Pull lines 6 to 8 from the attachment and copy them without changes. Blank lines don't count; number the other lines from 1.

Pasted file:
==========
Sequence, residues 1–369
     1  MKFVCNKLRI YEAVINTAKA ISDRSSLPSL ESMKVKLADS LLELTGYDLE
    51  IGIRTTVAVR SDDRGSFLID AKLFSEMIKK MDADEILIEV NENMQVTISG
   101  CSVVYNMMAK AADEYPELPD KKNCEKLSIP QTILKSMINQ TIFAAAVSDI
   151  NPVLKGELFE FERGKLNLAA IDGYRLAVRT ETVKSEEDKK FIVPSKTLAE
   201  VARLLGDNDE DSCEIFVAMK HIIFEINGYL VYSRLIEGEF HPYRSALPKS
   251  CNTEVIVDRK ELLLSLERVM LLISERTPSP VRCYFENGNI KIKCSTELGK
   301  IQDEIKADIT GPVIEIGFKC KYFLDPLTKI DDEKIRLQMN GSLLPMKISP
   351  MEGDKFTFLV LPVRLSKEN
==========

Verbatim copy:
   201  VARLLGDNDE DSCEIFVAMK HIIFEINGYL VYSRLIEGEF HPYRSALPKS
   251  CNTEVIVDRK ELLLSLERVM LLISERTPSP VRCYFENGNI KIKCSTELGK
   301  IQDEIKADIT GPVIEIGFKC KYFLDPLTKI DDEKIRLQMN GSLLPMKISP